Borges characterised the artistic experience as the perpetual imminence of a revelation that never comes. Not so yesterday in Semple Stadium, where Cork arrived looking for respectability and left with the scalp of All-Ireland champions Tipperary after a performance as Cork-y as the Frank and Walters playing Shandon, writes Michael Moynihan.

The accompanying revelation was a simple one: Cork are back.

Natives in the 30,103 attendance tsked and grumbled about ambushes past orchestrated by the red and white, and it was hard not to sympathise. For many neutral - and quite a few partial - observers, after all, defeat with honour was a reasonable objective for Cork at 3.59 yesterday in Thurles, but in the time-honoured fashion, the Rebels assembled a selection of young, quick, wristy hurlers who beat Tipp in a breathless rush to the tape.

Forgive the reaching for cliche, but the conditions for romance were firmly in place yesterday. For instance, Cork ended the game four points to the good, thanks in part to a late, late goal from substitute Michael Cahalane, newly returned from a serious heart complaint just in time to supply headline writers with plenty of puns.

The Bandon youngster wasn’t the only new face to find the altitude thin but survivable in the Munster championship, either. The pre-game feeling that Cork were gambling on youth didn’t survive close inspection - manager Kieran Kingston and his selectors went for the best players on offer in the county, not the youngest - but it added to that romance significantly. Leeside supporters like the notion that the team bus more or less collects random teenagers on the road to Thurles who can become household names by teatime on Sunday, and yesterday did little to shatter that fantasy.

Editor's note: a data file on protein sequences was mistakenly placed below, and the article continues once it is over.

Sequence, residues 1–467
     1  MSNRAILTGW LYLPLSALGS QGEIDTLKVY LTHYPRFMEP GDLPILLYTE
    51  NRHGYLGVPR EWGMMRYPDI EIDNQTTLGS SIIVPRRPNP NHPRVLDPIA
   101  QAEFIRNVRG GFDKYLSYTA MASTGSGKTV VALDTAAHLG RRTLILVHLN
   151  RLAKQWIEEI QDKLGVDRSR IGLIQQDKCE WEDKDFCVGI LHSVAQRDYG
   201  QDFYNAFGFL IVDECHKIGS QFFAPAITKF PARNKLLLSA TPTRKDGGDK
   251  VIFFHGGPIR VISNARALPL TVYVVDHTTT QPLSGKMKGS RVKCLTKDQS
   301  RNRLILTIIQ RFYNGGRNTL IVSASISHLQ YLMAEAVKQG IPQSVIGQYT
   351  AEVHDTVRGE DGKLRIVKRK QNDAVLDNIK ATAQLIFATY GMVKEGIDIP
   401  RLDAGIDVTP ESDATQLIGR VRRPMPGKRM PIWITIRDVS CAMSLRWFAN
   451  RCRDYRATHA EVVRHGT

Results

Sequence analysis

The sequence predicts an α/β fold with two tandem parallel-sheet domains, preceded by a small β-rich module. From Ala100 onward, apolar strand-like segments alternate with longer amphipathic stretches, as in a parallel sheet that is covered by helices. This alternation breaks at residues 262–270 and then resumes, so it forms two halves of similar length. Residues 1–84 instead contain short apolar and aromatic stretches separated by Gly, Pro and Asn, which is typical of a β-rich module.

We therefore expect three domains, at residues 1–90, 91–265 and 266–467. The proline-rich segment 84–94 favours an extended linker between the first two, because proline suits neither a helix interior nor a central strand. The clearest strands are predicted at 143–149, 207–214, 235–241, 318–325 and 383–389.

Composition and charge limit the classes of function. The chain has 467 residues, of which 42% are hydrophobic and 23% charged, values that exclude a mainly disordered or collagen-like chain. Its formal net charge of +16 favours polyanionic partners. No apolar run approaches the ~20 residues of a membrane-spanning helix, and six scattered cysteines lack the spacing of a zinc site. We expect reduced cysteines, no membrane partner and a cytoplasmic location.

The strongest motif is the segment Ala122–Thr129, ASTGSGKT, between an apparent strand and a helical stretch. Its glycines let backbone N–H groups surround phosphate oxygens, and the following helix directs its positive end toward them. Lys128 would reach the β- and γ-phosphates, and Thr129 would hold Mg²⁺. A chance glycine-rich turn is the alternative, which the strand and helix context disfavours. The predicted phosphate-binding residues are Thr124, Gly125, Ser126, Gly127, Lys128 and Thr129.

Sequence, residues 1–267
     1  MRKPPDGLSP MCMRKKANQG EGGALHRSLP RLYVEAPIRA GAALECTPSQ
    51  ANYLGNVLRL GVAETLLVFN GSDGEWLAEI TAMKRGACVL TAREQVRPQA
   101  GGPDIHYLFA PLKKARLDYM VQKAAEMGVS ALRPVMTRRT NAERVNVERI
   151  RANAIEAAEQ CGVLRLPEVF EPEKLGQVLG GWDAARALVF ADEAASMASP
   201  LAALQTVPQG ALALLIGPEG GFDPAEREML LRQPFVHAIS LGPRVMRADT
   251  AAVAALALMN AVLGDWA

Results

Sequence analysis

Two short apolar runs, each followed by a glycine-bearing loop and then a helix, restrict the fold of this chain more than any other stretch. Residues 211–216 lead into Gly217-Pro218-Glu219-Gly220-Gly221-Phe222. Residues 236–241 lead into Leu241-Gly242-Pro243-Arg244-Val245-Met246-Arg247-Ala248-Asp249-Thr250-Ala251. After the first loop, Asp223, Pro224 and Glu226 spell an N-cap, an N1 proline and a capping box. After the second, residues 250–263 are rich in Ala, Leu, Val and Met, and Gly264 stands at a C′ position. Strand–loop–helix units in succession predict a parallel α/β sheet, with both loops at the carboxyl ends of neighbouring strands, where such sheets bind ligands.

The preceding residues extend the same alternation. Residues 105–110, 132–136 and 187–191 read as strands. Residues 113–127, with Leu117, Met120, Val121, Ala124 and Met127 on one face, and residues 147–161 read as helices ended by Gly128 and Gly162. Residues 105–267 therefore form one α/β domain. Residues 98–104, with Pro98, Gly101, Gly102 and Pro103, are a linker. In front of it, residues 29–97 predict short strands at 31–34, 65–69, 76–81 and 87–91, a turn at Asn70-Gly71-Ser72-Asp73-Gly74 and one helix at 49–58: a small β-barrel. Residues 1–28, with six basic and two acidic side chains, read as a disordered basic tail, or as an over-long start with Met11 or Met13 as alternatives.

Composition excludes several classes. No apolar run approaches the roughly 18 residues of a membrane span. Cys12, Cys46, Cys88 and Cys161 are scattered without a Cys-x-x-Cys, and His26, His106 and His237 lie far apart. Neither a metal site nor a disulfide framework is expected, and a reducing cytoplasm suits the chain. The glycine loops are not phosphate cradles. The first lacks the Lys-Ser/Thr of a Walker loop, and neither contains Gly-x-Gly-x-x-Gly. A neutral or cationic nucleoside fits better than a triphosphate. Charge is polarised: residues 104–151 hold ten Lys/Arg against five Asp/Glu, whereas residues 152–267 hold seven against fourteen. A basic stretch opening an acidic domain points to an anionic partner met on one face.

Sifting through the actuality from yesterday reveals some irritating facts somewhat at odds with the dreams, though.

At half-time Cork were in bonus territory, for instance. Their new players had swum, not sunk, and the scores were level, 0-15 points apiece.

But picking apart the constituent elements of the game, the benefits to Cork of the conditions of engagement were all too apparent. It was a shoot-around, a scorefest, and in the absence of physical punishment in the middle of the field Cork had flourished.

How open was it? By the short whistle, every forward on the field had scored from play, and two of the three goals scored in the second half fell to forwards operating in that well-established metric for space in front of a vulnerable goal: acres.

Cork enjoyed that room a lot more than their opponents. Two of the Tipp full-back line were booked in the opening eight minutes, and a return of nine points from play for the Cork full-forward line indicated the trouble the home side endured in around their own goal. The Tipp half-back line was punished by Cork’s speed more than once as well, and more clinical finishing could have made the closing stages a lot easier for the men in red.

And yet, and yet. A strong parallel argument could be made for Tipperary leaving three goals after them in that time, two in the opening ten minutes when Noel McGrath and Brendan Maher both surged through the middle.

The All-Ireland champions were also getting a decent return from John ‘Bubbles’ O’Dwyer, who appeared to have shed his sluggish league form for the silken touch and dazzling vision of high summer: he banked three assists in the opening 20 minutes for Tipp scores and looked sharpness personified.